It is also been found that the use of TaN as a metal hardmask does not result in the formation of metal oxide residue such as occurs when TiN is used. However, TaN doesn't have the translucent characteristics of TiN and presents problems in aligning the template pattern with lower metal levels, especially aligning level M3 with level M4.
Therefore, a metal hardmask having satisfactory translucent characteristics to avoid alignment problems and that did not leave a metal oxide residue on the etched surface would be advantageous.
These and other problems are generally solved or circumvented, and technical advantages are generally achieved, by the present invention which provides a metal hardmask and a method of forming such a hardmask to provide a template for patterning a dielectric stack for use with a Damascene process for forming copper interconnects. The hardmask comprises a patterned layer of TiN (titanium nitride) having a thickness of between about 20 nm and 25 nm covering a dielectric stack, which in turn is covered by a capping layer of TaN (tantalum nitride) having a thickness of between about 7.5 nm and 10 nm. A typical dielectric stack may include a layer of organic resin such as SiLK™ which is an aromatic polymer available from the Dow Chemical Company. Another dielectric used in the stack is typically silicon dioxide.
The foregoing has outlined rather broadly the features and technical advantages of the present invention in order that the detailed description of the invention that follows may be better understood. Additional features and advantages of the invention will be described hereinafter which form the subject of the claims of the invention. It should be appreciated by those skilled in the art that the conception and specific embodiment disclosed may be readily utilized as a basis for modifying or designing other structures or processes for carrying out the same purposes of the present invention. It should also be realized by those skilled in the art that such equivalent constructions do not depart from the spirit and scope of the invention as set forth in the appended claims.
For a more complete understanding of the present invention, and the advantages thereof, reference is now made to the following descriptions taken in conjunction with the accompanying drawing, in which:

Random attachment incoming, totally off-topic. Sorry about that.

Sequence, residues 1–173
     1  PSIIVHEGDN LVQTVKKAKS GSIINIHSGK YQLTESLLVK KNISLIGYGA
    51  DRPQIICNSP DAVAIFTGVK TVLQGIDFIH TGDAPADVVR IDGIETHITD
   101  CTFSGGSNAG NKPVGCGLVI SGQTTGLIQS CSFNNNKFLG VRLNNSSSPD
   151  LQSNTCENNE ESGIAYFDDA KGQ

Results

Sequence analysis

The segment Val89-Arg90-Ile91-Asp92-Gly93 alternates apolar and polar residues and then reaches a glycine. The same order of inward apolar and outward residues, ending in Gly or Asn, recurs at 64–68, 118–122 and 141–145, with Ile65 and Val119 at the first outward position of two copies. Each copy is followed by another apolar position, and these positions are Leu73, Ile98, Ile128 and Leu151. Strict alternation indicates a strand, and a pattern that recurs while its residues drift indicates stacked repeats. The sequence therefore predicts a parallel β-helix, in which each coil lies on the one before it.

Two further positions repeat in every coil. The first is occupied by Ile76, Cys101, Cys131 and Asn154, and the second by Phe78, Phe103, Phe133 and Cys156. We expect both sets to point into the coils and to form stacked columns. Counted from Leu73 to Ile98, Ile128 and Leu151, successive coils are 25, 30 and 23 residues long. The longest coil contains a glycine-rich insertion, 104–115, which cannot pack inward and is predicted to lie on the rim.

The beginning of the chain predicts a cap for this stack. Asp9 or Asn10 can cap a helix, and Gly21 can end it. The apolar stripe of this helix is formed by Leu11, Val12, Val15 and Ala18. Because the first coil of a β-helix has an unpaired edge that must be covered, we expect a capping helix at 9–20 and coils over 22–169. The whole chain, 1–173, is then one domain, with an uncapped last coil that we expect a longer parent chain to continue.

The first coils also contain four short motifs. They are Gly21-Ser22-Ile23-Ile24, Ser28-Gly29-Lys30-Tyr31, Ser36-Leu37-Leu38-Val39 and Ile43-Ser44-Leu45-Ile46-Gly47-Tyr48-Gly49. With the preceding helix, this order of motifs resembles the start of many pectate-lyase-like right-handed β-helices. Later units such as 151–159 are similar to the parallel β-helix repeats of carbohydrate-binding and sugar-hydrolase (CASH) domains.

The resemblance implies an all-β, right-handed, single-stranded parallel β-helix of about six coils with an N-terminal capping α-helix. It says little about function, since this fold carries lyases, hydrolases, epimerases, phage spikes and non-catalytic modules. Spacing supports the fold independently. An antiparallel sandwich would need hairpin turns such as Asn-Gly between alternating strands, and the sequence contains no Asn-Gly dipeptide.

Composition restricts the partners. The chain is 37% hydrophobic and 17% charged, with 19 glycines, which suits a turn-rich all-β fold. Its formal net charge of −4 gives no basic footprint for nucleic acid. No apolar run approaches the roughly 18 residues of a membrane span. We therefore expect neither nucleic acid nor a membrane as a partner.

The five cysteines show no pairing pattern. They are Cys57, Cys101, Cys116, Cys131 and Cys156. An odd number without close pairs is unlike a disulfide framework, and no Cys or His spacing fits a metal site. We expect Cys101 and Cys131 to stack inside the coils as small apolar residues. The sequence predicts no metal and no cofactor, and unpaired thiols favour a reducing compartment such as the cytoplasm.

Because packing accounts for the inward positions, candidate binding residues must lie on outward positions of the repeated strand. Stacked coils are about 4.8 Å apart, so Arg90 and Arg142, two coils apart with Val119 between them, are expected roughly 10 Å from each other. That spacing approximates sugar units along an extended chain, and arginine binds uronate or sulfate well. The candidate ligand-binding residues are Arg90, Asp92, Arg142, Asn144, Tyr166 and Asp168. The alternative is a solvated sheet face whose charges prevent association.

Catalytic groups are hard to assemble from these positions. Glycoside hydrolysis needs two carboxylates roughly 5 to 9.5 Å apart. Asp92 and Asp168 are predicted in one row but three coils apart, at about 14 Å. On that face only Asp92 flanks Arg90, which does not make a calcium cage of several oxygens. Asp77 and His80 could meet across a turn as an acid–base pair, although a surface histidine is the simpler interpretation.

The making and using of the presently preferred embodiments are discussed in detail below. It should be appreciated, however, that the present invention provides many applicable inventive concepts that can be embodied in a wide variety of specific contexts. The specific embodiments discussed are merely illustrative of specific ways to make and use the invention, and do not limit the scope of the invention.
Referring now to
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After the metal hardmask as represented by portions 24 a and 24 b has been formed, it is then typically covered by an antireflective coating (ARC) 26 prior to depositing a photoresist layer, which, as indicated in
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Referring now to
It is noted that for certain SiLK™ thicknesses (such as at about 0.25 μm and at about 0.45 μm) the TaN layer may be substantially thicker (for example over about 0.035 μm) and still result in reliable alignment so as to produce WQ greater than 1 as indicated by rightward extending horizontal peaks 42 and 44. More specifically, as can be seen from
Further, referring to
Therefore, analysis and review of the unreliable alignment resulting from thickness variations between the organic dielectric layer 18 and the TaN hardmask layer as shown in
Referring now to
Referring now to
Although the present invention and its advantages have been described in detail, it should be understood that various changes, substitutions and alterations can be made herein without departing from the spirit and scope of the invention as defined by the appended claims. For example, it will be readily understood by those skilled in the art that dimensions and layer thickness may be varied while remaining within the scope of the present invention.
Moreover, the scope of the present application is not intended to be limited to the particular embodiments of the process, methods and steps described in the specification. As one of ordinary skill in the art will readily appreciate from the disclosure of the present invention, processes, methods, or steps, presently existing or later to be developed, that perform subtantially the same function or achieve substantially the same result as the corresponding embodiments described herein may be utilized according to the present invention. Accordingly, the appended claims are intended to include within their scope such processes, methods, or steps.